the bottom line is this. God is the author of life. i am not going to presume to be his editor. i don't follow him with a red pen slashing through things i think shouldn't be there. every word he pens into existence is worthy of it's spot on the page. we can try to put human reasons to another's existence, but God's reasonings are so beyond the scope of our tiny brains and we cannot hope to understand them fully, at least not here and not now."
Visit the blog and allow yourself to be touched by Jedidiah's brief life and by the courage of his family. Listen to the funeral homily, which unfolds the meaning of suffering. And please say a prayer for his family, who his mourning his life.

Monday, November 22, 2010

Did Pope Benedict really change Church teaching on condoms?


When I returned from this weekend's TOB for Teens retreat, one would have thought that the whole Church changed in those 36 hours. Rumors were flying (though certainly not presented as rumors but as facts) that Pope Benedict XVI had changed the Church's teachings on condoms. And if the German Rottweiler himself could "see the light" and have compassion on those with HIV by allowing them moral access to condoms, then surely the Church might change its tune on other things too, right?

Wrong.

Pope Benedict XVI never said condom use is moral. He never "changed" Church teaching. In fact, he can't change something that is intrinsically wrong to being neutral or even good. To have that power would mean that morality is arbitrary, that there is no such thing as objective truth.

So what did the Holy Father say? You can read his actual comments here. But for a summary, let me just say that Pope Benedict XVI said that "we cannot solve the problem by distributing condoms." He pointed out that condoms are readily available, and yet AIDS has not gone away. So clearly condoms are not the answer to the problem. Additionally, the pope remarked that a big part of the problem is the "banalization of sexuality." We don't think it's a big deal. In order to counteract that foundational attitude, we need to "ensure that sexuality is treated as a positive value and to enable it to have a positive effect on the whole of man's being."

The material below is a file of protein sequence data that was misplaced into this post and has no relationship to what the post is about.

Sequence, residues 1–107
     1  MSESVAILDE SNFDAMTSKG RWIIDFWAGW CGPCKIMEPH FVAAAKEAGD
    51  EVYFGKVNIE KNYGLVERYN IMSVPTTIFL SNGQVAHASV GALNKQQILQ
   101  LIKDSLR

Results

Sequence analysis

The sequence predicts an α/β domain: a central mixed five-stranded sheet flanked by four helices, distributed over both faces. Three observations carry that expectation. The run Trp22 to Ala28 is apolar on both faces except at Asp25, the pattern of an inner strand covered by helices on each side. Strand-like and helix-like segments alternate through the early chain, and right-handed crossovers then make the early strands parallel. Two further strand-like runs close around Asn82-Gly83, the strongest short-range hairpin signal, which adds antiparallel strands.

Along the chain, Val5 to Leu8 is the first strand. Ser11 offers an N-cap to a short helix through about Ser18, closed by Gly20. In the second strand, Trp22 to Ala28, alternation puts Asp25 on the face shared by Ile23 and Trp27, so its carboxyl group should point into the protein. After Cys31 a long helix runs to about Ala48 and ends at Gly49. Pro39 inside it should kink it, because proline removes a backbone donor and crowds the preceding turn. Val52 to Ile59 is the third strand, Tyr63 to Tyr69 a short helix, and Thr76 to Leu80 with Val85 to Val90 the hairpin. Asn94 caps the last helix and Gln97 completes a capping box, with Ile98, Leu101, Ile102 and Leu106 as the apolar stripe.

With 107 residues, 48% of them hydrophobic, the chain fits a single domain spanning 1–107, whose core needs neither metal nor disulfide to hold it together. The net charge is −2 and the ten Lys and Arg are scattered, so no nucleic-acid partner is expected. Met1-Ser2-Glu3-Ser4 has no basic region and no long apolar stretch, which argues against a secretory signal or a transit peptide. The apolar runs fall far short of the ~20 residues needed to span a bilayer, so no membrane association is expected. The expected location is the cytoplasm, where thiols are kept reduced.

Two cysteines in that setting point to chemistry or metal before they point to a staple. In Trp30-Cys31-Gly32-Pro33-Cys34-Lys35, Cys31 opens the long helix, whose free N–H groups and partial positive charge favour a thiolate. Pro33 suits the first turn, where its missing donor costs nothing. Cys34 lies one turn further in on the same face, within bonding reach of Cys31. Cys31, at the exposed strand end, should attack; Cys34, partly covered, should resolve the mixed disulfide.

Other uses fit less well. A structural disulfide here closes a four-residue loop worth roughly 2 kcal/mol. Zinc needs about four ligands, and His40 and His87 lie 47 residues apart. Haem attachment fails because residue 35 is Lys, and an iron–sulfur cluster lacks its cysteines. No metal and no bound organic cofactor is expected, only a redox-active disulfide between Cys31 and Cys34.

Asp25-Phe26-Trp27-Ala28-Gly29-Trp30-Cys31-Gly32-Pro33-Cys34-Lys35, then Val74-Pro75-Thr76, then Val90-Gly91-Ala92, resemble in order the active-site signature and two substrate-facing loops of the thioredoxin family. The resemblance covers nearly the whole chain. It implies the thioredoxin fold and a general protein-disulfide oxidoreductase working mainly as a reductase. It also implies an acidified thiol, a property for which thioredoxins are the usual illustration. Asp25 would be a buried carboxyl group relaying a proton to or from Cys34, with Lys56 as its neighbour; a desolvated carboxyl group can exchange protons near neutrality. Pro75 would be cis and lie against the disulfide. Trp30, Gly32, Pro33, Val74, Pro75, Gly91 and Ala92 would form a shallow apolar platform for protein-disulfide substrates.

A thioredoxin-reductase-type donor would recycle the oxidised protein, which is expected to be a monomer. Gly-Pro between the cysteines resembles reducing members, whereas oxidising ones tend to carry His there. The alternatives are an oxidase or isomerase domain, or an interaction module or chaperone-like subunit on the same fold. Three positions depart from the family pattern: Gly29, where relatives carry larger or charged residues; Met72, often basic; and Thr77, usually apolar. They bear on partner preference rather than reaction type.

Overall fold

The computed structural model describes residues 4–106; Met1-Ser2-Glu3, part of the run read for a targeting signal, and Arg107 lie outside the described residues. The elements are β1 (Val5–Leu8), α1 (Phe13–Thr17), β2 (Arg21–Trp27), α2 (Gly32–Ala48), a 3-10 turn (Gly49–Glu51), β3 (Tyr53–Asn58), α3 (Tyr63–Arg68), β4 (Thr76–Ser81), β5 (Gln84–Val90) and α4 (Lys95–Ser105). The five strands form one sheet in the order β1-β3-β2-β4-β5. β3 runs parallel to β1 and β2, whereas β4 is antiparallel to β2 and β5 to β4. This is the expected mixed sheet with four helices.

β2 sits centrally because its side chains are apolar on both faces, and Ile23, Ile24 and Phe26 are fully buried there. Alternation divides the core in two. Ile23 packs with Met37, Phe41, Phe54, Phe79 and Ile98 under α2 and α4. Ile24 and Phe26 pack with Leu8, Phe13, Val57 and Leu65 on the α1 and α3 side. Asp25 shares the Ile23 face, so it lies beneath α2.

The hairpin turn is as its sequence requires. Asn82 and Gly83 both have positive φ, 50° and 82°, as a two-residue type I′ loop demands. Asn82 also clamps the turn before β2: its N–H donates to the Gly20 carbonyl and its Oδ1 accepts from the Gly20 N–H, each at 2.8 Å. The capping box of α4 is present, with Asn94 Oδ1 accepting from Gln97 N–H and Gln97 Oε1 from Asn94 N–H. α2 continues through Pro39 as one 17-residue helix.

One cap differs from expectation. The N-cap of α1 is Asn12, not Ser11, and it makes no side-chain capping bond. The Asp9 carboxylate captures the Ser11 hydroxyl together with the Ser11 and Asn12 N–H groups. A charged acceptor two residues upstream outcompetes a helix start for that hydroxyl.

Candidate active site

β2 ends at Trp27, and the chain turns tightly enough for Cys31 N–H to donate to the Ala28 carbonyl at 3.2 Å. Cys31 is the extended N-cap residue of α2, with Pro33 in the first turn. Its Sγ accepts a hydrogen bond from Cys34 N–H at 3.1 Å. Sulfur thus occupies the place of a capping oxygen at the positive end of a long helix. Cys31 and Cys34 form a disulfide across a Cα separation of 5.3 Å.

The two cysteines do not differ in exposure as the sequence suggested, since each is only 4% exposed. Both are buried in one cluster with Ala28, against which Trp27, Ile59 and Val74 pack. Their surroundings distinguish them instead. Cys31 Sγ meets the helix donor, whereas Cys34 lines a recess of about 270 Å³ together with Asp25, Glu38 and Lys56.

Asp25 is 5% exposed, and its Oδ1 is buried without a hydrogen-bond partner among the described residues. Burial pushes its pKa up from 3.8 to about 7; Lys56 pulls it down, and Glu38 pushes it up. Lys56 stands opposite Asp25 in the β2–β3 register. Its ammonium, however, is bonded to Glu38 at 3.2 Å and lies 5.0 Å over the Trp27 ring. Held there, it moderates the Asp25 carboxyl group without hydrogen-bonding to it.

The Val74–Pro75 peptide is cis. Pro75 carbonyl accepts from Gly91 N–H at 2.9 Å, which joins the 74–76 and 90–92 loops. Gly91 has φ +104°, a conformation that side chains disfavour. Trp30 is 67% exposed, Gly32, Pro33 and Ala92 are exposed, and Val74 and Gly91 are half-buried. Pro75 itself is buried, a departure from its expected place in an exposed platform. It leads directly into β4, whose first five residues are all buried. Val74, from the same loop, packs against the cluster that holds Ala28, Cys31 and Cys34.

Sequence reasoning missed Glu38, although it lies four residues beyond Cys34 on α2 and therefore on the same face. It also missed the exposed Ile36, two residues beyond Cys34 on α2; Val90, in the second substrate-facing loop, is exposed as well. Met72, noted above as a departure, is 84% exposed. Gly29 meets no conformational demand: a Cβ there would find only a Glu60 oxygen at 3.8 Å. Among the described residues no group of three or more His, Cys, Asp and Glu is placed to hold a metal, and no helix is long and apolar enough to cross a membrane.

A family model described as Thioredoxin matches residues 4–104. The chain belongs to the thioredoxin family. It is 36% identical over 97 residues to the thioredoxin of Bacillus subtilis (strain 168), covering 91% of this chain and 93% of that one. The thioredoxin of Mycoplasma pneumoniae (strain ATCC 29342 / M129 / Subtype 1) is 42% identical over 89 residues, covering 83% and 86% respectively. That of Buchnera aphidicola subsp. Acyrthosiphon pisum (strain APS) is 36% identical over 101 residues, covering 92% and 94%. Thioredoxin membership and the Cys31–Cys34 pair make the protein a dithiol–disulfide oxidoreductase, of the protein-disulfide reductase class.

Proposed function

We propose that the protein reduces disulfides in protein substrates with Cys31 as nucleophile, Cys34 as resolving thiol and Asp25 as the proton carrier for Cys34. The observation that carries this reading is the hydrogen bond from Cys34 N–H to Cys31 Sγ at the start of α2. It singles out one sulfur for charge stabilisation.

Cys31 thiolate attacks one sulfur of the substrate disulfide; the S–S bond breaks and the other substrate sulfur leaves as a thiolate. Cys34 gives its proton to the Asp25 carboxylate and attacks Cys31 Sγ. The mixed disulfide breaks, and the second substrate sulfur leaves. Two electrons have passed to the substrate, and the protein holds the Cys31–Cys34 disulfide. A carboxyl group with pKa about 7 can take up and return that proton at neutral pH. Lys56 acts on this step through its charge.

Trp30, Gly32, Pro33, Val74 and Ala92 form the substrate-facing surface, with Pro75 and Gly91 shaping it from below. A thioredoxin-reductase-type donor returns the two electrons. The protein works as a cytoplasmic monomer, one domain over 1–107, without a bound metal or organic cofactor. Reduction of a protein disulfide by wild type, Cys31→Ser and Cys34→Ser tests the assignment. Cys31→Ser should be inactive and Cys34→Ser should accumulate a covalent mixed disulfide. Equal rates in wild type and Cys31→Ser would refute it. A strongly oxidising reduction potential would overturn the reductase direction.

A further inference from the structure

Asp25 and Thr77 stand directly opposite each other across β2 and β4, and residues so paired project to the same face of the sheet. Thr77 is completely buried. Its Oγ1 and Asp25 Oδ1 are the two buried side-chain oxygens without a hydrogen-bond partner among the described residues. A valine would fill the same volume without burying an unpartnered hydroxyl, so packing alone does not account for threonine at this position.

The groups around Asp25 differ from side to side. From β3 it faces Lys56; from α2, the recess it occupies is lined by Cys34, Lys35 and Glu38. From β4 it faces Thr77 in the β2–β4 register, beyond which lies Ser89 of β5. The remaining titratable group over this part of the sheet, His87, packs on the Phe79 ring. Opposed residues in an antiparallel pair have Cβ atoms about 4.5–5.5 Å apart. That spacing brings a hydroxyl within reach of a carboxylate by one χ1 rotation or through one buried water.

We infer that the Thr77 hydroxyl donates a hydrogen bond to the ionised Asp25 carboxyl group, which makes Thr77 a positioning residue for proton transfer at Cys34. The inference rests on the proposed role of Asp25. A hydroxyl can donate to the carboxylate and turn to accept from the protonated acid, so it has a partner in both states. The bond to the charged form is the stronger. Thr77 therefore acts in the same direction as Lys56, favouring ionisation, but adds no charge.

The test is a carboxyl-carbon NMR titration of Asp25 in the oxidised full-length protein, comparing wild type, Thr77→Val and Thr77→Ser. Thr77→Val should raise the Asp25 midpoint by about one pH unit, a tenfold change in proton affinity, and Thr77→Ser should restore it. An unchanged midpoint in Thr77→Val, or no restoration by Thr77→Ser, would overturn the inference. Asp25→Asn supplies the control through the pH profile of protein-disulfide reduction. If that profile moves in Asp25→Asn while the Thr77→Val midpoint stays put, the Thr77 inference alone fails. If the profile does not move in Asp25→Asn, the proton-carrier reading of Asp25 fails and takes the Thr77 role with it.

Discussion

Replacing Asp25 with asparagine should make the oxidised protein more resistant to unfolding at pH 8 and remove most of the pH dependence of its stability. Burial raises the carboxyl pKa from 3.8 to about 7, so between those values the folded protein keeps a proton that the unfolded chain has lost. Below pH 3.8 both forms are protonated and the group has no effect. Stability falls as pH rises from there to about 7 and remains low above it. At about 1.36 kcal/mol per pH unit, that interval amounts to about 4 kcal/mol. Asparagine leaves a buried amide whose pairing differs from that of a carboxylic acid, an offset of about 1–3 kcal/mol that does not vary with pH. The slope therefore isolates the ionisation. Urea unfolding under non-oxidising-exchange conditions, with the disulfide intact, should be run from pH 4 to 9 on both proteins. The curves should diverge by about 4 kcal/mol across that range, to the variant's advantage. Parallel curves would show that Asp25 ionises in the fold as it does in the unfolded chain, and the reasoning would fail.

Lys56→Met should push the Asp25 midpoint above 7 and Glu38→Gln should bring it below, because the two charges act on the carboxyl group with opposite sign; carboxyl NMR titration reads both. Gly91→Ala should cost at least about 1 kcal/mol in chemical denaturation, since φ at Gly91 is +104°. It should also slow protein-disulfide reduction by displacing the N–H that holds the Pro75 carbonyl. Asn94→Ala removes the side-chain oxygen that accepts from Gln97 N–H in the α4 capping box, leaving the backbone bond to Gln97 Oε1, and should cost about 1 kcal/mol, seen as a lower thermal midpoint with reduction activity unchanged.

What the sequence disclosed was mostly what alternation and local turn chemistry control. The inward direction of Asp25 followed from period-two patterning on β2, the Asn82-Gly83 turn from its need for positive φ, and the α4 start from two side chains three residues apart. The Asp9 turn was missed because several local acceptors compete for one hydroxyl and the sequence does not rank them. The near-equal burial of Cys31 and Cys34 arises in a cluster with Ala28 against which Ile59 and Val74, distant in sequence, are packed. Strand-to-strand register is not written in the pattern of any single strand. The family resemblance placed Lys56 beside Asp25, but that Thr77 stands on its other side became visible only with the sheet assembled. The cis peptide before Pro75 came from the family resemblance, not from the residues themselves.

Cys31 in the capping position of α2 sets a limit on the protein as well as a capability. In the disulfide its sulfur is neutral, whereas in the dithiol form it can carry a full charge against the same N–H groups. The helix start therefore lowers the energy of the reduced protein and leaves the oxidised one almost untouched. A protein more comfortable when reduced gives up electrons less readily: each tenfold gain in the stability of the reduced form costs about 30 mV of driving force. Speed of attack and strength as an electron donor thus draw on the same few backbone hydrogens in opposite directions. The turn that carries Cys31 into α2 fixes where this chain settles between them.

The main source of controversy lies in the Holy Father's remark that in certain situations when a person uses a condom to prevent the spread of HIV, their intention may be to assume responsibility. But this intention does not go far enough. It does not take into account the whole person. It does not understand the gift of sexuality. In a way, one could say that this beginning intention of responsibility may have opened the person to begin to realize that sex is not an individual action, with one's own pleasure as the primary goal. However, the Holy Father is not saying that this intention makes condom use good.

To understand the truth and meaning of sexuality is to know that condoms can never be good because they change the inherent meaning of sexuality. Even if one's intention is to not spread a disease, the life- and love-giving aspects are separated. But what sex is is a union of love and life. So condoms tamper with the very meaning of sex.
Supporting the use of condoms, even to prevent STDs, is to deny the importance of the body. It communicates that what I do with my body does not matter, as long as my soul (or my internal intentions) are okay. But, a human person would not exist without a body and a soul. What I do with my body matters. What I do with visible body communicates something about my invisible soul, thoughts, feelings. It is with my body that I can communicate a total gift of self -- a gift that to be total must include an openness to life.
Clearly HIV/AIDS is a huge problem. But to hand out condoms as a solution is to give Band-Aids to those with gaping wounds. It doesn't solve the problem. Only a true vision of the gift of sexuality, of the meaning of the human person will solve the problem. It can't happen overnight. But to put off the true source of the issue is only to widen it, leading more people to fall into the trap of thinking that sex is just about my own personal pleasure, forgetting that sex has a language attached to it that we cannot change, because we did not create the language. Our bodies are inscribed with the order of love, because we were made in the image and likeness of Love -- God Himself. Knowing that we are made in God's image calls us to behave accordingly, reflecting His love in our thoughts, words and actions.

IHM TOB retreat